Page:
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Remember Debrahlee Lorenzana? For those with short memories, two years ago, Lorenzana sued Citibank for firing her for allegedly being “too hot,” a claim representatives of the bank denied several times, while also calling her an attention whore. After the initial hoopla, interest in Lorenzana, who once appeared on a TV show discussing her reasons for having her breasts enlarged (she wanted to look like “tits on a stick” in order to attract a “professional, well-educated man”) died down and many likely forgot about the story of T’s on an S versus Citi.  In a Daily News article today, though, Debs said that she passed on a settlement wanting instead to “press on.” While it’s not clear that anyone reading the piece took it to mean Lorenzana had in fact received damages for her hotness, Citi was not having it. Lest there be any confusion about whether or not she extracted jack from Vikram et al, the bank needs the world to know the following: Read more »

When we saw that three boutique banks represented Google and Motorola Mobility in their deal, we were a little puzzled about why. Not that it’s unusual to hire Lazard, Centerview or Qatalyst, but after reading Felix Salmon‘s lament for the breathless pre-market M&A scoop we wondered if that supplied the explanation. Maybe Google and Motorola left out the big banks because they have kind of a deserved reputation for leaking deals, and because keeping news quiet is easier at a smaller shop than at a place with thousands of public-side employees? But on further inspection that theory kind of fell apart, as trading in MMI suggests that the deal may have leaked last week.

The New York Post has what seems to be the correct explanation: Motorola had actually spent a lot of time with full-service bulge bracket investment banks recently, and had come to the considered conclusion that they’re all a bunch of dicks.
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  • 30 Aug 2010 at 2:34 PM

Mike Mayo: Citi Not To Be Trusted

As mentioned last week, analyst Mike Mayo has been going around telling clients and whoever else will listen that the bank is inflating its profits and needs to a write down $50 billion of deferred-tax assets. For the offense, Citi has, according to Charlie Gasparino, frozen Mayo out. No one-on-ones in Pandit’s office, no phone interviews, and he’s even blocked from Uncle Vik on IM, which has got to chap some serious hide. On Friday, fellow analyst Dick Bové inserted himself into the situation, coming out and claiming Mayo be talking shit, and that Citi is “not cooking the books.” Today, Mayo went on.

“We believe that Citigroup’s financial targets can encourage short-term excesses over long-term prudence,” Mayo wrote in a note to clients titled “A Matter of Trust.” Mayo, an analyst at the securities firm CLSA, added: “Citi has an aggressive financial target of 5% asset growth when so much of its past problems stem from excessive asset growth.”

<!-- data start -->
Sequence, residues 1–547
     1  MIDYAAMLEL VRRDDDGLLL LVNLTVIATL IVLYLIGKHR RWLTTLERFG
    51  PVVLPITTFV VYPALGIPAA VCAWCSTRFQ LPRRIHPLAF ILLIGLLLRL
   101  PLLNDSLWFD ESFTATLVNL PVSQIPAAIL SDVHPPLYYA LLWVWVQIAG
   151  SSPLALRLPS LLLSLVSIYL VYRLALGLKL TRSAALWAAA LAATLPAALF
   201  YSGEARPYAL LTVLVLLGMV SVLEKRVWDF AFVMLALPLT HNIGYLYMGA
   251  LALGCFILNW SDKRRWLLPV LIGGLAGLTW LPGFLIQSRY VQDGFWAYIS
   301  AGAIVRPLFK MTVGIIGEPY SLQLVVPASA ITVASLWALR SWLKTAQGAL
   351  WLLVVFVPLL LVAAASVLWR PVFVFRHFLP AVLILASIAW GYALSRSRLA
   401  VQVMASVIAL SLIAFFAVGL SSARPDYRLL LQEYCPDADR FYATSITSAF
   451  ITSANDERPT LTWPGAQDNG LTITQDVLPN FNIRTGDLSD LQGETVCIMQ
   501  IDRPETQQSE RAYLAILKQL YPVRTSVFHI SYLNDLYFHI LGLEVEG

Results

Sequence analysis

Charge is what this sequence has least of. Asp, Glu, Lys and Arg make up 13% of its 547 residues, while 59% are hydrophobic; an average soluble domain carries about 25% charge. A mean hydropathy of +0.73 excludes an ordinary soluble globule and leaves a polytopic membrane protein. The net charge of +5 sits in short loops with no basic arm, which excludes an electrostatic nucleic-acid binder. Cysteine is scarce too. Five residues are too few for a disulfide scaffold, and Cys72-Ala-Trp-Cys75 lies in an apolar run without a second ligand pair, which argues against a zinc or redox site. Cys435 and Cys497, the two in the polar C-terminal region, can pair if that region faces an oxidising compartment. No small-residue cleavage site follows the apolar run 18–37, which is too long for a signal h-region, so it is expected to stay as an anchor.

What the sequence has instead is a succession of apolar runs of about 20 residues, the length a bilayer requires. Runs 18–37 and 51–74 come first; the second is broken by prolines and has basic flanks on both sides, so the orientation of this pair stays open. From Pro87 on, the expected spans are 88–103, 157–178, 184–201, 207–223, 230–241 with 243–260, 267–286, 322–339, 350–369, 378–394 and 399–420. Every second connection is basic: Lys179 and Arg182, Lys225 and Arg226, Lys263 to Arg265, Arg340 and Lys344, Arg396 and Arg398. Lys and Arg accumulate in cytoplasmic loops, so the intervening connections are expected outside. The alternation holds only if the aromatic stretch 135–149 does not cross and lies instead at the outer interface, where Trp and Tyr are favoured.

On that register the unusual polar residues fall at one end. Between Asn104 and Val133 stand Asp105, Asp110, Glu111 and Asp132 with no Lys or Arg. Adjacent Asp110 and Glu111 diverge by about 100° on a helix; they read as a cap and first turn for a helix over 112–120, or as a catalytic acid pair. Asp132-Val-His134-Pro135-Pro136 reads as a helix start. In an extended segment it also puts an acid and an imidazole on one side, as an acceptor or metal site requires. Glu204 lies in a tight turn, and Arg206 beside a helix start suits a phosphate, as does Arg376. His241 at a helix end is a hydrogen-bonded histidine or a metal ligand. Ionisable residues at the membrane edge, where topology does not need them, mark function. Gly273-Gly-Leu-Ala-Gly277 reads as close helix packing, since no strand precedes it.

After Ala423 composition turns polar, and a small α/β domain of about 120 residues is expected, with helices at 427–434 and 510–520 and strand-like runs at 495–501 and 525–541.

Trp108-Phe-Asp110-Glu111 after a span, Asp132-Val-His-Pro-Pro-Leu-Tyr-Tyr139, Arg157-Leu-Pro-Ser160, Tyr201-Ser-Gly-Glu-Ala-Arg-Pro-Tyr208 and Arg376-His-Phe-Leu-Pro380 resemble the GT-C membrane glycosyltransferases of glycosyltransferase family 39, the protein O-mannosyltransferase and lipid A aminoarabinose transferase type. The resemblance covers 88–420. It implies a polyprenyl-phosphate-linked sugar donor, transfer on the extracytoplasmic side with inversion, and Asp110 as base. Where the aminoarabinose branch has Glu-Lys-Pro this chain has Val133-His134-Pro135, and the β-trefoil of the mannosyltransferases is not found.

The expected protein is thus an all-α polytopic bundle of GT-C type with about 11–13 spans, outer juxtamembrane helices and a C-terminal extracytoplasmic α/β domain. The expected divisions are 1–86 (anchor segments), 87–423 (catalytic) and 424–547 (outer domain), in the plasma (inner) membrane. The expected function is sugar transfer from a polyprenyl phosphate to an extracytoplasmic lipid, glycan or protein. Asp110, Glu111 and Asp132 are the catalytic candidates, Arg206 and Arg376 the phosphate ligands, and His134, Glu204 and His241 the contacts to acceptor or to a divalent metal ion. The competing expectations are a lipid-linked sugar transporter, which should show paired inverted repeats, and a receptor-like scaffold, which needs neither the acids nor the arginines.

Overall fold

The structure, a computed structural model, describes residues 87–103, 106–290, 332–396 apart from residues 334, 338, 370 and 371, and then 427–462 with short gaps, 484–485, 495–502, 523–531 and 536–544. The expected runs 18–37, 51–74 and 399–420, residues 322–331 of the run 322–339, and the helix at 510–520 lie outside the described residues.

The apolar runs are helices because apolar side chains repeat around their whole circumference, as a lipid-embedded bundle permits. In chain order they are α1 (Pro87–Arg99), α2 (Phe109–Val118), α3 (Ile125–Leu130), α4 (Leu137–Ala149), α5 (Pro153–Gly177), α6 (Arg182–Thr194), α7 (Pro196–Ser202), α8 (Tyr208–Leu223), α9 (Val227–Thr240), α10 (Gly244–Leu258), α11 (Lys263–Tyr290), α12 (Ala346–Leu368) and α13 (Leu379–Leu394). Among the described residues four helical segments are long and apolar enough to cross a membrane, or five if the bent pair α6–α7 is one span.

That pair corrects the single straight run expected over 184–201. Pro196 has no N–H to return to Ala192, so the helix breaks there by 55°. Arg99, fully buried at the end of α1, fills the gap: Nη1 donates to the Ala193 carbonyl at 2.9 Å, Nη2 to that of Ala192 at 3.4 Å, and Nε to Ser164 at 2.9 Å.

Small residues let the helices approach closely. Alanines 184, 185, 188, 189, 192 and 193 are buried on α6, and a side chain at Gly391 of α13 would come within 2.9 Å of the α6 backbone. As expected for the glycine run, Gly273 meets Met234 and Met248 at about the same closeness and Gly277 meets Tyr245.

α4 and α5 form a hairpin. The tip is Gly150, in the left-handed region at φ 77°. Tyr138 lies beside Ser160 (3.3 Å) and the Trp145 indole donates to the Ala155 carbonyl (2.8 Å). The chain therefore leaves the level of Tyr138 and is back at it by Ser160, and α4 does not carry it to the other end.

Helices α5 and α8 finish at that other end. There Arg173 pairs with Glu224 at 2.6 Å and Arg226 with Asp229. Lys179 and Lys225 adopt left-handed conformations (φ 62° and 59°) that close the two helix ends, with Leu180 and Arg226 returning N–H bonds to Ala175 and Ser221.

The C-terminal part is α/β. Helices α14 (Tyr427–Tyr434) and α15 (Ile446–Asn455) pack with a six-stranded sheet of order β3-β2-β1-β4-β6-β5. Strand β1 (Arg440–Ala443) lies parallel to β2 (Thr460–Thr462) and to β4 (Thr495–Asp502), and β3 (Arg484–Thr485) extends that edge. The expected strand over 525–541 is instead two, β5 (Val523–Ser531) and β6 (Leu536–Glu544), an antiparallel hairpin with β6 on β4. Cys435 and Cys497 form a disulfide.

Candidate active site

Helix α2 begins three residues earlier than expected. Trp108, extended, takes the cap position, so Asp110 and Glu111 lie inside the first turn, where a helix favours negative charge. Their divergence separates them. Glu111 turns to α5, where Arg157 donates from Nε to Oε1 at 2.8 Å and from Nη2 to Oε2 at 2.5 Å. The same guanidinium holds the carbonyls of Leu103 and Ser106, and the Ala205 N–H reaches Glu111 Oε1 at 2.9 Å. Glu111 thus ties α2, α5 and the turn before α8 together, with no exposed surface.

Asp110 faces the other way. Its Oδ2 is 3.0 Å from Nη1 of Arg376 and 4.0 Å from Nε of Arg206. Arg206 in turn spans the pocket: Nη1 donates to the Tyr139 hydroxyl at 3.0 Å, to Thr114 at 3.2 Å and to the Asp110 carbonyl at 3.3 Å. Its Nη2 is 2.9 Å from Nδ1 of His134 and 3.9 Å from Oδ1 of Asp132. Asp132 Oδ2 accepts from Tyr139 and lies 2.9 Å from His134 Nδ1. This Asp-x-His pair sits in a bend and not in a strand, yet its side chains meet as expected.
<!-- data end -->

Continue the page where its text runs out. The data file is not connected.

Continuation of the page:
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  • 26 Aug 2010 at 11:45 AM

Dick Bové: Sheila Bair Knows Nothing!

If Miss FDIC thought the Rochdale analyst had her back she was sorely mistaken. Read more »

CNBC, like any other organization, has typically followed the rule that while you might despise your colleagues, any trash talk about them being idiots or whores is done privately. United front and all that crap.* So, for instance, we’ve yet to hear anyone from the network agree with the generally accepted belief that Jim Cramer’s bold call your money was safe with Bear Stearns back in March 2008, because “Bear Stearns is fine,” was one of his greats, and by greats we mean worst calls of all time, second only to the public declaration that Lenny Dykstra is the best money manager in town. Then this morning, we got this:
Picture 17.png
And it raises a few questions, such as:
1. Does David Faber have a death wish?
2. Is this the beginning of something beautiful, wherein everyone at CNBC just starts turning on one another?
2a. And we finally find out who leaked Maria’s high school nickname to the Post?
2b. And Sue Herrera’s true thoughts on Michelle’s Caruso Cabreras?
3. Is someone going to have his tires slashed?
4. Can we get Faber to say this to JC’s face, on air?
5. WILL JIM CRAMER ADDRESS THIS AFFRONT ON TODAY’S STOP TRADING SEGMENT? And will it go something like this, but with the word “Faber” swapped for “they”?

Cramer: Bear Stearns [Newsweek]
*Any if you absolutely must leak your feelings to the media, you do so as an anonymous source.
UPDATE: Newsweek has changed the byline to Arlyn Gajilan, one of their editors. Why? Because David Faber was asked to simply write a piece on the fall of Bear Stearns. Newsweek, we’re told, then inserted the Cramer angle and used it for the list. Faber, kind of understandably, was not happy about this, and after what was probably an awkward conversation with Cramer, the byline was changed. So Newsweek is now in the business of instigating shit which is interesting.